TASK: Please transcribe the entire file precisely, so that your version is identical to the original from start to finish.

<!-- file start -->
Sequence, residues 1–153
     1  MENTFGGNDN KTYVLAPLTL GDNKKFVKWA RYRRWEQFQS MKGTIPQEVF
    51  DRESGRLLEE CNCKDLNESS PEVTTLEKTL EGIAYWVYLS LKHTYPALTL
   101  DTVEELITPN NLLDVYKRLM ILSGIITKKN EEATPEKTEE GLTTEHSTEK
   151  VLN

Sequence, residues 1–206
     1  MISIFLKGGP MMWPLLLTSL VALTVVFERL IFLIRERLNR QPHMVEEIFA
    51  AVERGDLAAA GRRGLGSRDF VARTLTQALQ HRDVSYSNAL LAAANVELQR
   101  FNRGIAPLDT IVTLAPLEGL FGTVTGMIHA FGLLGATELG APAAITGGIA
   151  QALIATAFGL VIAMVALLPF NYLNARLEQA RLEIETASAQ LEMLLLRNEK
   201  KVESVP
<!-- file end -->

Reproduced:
Sequence, residues 1–153
     1  MENTFGGNDN KTYVLAPLTL GDNKKFVKWA RYRRWEQFQS MKGTIPQEVF
    51  DRESGRLLEE CNCKDLNESS PEVTTLEKTL EGIAYWVYLS LKHTYPALTL
   101  DTVEELITPN NLLDVYKRLM ILSGIITKKN EEATPEKTEE GLTTEHSTEK
   151  VLN

Sequence, residues 1–206
     1  MISIFLKGGP MMWPLLLTSL VALTVVFERL IFLIRERLNR QPHMVEEIFA
    51  AVERGDLAAA GRRGLGSRDF VARTLTQALQ HRDVSYSNAL LAAANVELQR
   101  FNRGIAPLDT IVTLAPLEGL FGTVTGMIHA FGLLGATELG APAAITGGIA
   151  QALIATAFGL VIAMVALLPF NYLNARLEQA RLEIETASAQ LEMLLLRNEK
   201  KVESVP